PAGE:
One of the books on my current reading list is Love in the Gospel of John by Francis J. Moloney. I’ve never read Moloney before so I wasn’t sure what to expect. I’m only about 60 pages into it but I am enjoying it quite a bit. Here’s a sample which I hope you’ll enjoy as much as I did.
“Across the early stages of Jesus’ public ministry, the narrative itself raises a question in the readers’ minds with its account of the first disciples’ early interactions with Jesus. These disciples’ understanding of the person of Jesus, despite their enthusiastic attraction to him (see 1:35-51), does not match the understanding of the reader, provided by the prologue (1:1-18) and the witness of John the Baptist (1:19-36). Jesus is from God (1:1-2, 14), is ‘turned toward God’ (1:1, 18), is telling the story of God (1:18), is ‘the Lamb of God’ (1:29, 36), is ‘the Son of God’ (1:34). But the disciples express their understanding of him in terms that express their Jewish hopes: ‘Rabbi’ (1:38), ‘the Messiah’ (v. 41), ‘him of who Moses in the law and also the prophets wrote’ (v. 45), ‘Rabbi . . . Son of God . . . King of Israel’ (v. 49). Jesus responds to them with promise with a promise that they will see ‘greater things’ in the ascent and descent of angels upon the Son of Man (1:50-51). He requires something more of them.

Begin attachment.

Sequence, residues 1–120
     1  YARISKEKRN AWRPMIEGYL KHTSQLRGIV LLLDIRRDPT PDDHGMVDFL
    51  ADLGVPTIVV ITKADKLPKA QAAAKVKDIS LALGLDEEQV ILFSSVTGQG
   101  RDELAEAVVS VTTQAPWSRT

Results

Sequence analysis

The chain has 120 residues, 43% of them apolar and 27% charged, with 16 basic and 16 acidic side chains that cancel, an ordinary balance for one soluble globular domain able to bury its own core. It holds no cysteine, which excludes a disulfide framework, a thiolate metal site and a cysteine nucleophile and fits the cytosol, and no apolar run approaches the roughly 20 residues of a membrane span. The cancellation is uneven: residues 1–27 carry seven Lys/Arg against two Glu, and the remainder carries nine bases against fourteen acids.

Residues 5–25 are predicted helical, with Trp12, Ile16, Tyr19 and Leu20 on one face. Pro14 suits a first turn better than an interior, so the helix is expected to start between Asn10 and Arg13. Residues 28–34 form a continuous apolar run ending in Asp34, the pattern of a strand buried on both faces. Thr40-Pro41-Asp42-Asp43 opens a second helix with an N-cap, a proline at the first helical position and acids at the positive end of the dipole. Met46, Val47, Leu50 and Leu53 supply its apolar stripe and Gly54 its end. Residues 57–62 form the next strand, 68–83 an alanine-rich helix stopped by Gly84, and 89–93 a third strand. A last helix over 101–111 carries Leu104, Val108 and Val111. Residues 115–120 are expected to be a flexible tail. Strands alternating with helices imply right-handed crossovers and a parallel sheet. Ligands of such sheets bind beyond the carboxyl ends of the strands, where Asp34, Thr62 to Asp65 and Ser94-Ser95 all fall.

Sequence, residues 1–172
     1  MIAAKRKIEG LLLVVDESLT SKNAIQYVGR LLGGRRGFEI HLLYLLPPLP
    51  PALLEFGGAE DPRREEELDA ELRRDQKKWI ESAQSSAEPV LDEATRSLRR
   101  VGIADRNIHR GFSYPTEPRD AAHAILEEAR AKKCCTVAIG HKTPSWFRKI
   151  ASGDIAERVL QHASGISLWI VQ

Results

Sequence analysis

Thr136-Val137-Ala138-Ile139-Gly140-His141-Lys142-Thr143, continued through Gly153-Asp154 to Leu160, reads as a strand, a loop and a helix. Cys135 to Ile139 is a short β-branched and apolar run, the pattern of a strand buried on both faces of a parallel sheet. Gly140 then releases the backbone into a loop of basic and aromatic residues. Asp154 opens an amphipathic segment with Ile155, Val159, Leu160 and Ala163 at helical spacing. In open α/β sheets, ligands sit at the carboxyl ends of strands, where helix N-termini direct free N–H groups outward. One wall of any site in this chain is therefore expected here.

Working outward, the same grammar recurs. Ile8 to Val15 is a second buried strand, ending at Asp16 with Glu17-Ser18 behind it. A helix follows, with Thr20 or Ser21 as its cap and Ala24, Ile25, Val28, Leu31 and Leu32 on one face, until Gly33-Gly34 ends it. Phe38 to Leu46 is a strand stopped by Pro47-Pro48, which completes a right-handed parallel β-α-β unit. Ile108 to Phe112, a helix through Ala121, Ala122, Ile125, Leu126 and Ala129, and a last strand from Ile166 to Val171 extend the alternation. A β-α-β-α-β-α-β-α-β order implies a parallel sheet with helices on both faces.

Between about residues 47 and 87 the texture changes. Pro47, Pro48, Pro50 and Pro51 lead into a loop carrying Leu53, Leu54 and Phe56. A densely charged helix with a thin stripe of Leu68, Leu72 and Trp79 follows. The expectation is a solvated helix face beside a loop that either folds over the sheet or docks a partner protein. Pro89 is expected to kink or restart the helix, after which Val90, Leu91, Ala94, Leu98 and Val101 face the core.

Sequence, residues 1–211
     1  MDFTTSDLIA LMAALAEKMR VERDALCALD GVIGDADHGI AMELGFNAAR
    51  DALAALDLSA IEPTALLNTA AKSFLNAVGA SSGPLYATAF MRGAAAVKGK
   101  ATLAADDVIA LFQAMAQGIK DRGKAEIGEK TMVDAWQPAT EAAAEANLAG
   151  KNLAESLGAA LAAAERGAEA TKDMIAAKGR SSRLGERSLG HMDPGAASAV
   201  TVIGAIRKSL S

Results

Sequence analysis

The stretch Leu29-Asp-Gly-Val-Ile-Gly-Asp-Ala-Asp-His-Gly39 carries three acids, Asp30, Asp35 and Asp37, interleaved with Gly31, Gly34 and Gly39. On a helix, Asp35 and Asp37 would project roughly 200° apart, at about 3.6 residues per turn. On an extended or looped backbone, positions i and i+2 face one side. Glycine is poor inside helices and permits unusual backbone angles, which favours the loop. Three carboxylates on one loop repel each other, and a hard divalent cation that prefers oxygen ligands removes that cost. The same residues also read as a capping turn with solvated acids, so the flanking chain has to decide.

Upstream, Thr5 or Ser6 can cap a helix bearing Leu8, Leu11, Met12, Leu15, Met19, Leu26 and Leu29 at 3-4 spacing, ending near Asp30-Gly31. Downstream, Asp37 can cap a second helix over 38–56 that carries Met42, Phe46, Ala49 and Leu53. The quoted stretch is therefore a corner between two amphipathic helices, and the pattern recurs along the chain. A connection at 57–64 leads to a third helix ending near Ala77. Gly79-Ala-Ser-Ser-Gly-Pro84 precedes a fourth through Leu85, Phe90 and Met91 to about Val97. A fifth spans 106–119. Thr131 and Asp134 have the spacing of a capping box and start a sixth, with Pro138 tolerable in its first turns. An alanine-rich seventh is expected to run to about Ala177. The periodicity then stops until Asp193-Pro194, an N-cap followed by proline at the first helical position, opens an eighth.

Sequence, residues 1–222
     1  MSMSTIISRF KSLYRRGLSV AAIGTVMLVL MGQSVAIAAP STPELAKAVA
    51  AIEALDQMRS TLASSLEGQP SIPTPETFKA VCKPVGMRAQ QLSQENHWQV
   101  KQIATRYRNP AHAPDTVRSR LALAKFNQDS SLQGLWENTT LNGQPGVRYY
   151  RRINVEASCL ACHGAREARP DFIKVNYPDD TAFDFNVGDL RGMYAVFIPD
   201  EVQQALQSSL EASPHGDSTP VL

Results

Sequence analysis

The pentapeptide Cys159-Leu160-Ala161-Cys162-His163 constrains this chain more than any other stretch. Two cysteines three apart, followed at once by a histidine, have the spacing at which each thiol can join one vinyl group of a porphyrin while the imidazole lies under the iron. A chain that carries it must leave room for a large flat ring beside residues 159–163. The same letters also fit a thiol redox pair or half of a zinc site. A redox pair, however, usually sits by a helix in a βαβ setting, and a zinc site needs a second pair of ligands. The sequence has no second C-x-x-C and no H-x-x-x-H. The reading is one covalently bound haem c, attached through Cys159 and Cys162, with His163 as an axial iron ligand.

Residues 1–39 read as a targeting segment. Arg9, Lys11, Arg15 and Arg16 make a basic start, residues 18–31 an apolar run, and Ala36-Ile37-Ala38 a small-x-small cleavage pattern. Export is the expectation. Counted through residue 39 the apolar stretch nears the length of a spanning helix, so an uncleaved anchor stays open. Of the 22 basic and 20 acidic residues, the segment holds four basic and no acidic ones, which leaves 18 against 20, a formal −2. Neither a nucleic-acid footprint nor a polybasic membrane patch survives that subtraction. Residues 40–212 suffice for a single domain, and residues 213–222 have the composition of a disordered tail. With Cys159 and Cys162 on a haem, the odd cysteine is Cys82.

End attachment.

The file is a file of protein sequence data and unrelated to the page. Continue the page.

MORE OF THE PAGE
The Cana to Cana section, then, opens with a question hanging over the narrative: if the faith of the first disciples was a good beginning but ultimately insufficient, what more does Jesus require of them so that they may see the ‘greater things’ he has promised them? The catechesis on authentic Johannine faith, provided by 2:1-4:54, answers that question. Eight encounters between Jesus and other characters teach the reader that authentic faith requires unconditional acceptance of the words of Jesus who is himself the Word (1:1, 14). Anything short of that is insufficient. Jesus makes this clear in his dialogues with his mother (authentic faith), ‘the Jews’ (no faith), Nicodemus (partial faith), John the Baptist (authentic faith), the Samaritan woman (no faith), the Samaritan woman again (partial faith), the Samaritan villagers (authentic faith), and the royal official (authentic faith).” (40-41)